Wednesday, December 8, 2010

Make Something Up - Part 2

"Crap," John said. "Make something up."

The three college students were getting antsy--one of the girls stood up to leave but was coaxed back onto the couch by the other two. John had promised them I would play some real jazz if they came over to the party.

Except... John was a country boy from Corinth, Mississippi, raised on grits and country music, and nothing made him happier than music that allowed him to clap his hands and laugh and stomp his right foot. He didn't have a clue about jazz, and neither did I (other than I couldn't play it).

He and I would go to big bluegrass parties on Wye mountain, with guitar players and banjo players and fiddle players in the big back yard of our friend's house. John was the master of ceremonies, the person who told jokes and yelled things like "Hot damn" while we were playing. At the time I was learning to play bluegrass fiddle. I wasn't particularly good, but I'm pretty sure that John didn't realize this. Music was just music to John.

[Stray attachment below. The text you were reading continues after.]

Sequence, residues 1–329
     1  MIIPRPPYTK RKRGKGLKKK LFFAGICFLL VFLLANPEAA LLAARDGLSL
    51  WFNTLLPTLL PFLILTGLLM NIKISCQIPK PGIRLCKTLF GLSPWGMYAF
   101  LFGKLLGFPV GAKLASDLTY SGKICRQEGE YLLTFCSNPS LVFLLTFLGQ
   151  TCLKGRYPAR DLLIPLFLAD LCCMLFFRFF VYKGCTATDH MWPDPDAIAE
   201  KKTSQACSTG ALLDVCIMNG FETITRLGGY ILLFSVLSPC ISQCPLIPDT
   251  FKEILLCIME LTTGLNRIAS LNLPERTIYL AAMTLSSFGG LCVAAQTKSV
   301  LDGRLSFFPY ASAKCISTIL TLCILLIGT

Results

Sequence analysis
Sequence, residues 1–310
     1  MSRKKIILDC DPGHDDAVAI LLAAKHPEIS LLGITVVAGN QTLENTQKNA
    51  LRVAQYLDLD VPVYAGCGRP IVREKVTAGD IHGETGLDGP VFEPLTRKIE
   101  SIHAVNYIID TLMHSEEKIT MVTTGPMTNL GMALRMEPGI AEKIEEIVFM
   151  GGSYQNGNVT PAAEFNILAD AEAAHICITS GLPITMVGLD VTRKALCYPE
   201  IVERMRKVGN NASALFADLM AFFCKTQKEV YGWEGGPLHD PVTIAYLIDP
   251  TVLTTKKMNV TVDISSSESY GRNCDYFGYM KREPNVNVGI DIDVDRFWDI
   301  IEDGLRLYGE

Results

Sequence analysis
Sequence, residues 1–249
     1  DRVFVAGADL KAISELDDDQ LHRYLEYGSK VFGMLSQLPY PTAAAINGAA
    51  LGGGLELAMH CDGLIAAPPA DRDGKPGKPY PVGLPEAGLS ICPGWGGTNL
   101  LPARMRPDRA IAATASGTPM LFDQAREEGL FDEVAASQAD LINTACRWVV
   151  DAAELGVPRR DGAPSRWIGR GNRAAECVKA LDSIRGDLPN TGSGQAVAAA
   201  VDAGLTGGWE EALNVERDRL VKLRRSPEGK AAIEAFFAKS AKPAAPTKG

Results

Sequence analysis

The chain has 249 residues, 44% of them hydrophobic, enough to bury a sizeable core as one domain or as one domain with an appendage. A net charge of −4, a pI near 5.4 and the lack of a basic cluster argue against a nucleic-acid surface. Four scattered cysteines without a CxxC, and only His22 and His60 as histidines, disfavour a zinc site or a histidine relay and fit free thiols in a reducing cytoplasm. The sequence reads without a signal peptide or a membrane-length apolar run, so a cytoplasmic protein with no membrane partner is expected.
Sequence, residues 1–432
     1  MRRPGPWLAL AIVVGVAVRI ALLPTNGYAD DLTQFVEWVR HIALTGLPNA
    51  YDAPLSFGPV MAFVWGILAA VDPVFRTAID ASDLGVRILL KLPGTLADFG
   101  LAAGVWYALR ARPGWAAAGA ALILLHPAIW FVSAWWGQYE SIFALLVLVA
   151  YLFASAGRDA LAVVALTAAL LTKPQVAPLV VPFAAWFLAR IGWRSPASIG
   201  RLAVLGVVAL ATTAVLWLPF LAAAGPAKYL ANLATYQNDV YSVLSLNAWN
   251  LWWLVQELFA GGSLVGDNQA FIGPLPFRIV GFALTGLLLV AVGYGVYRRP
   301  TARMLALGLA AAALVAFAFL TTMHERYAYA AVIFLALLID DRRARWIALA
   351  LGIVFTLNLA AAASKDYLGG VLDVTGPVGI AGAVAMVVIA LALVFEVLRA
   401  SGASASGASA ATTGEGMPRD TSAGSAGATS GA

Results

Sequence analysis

Purists, on the other hand, have a different mindset--they are on a mission, and it doesn't matter what has captured them: sound systems, motorcycles, jazz, wine. They can be a little... critical. These three students were jazz purists. I had listened as they argued over the relative merits of Bud Powell and Bill Evans, and I had shrugged my shoulders as if anyone knew who was best, when in fact I didn't have a clue.

I was boxed into a corner. Who knows, maybe I could play something that would entertain them. I did know a jazzy version of "Someone to watch over me." I moved toward the piano bench.

Here's Art Tatum playing Little man you've had a busy day.

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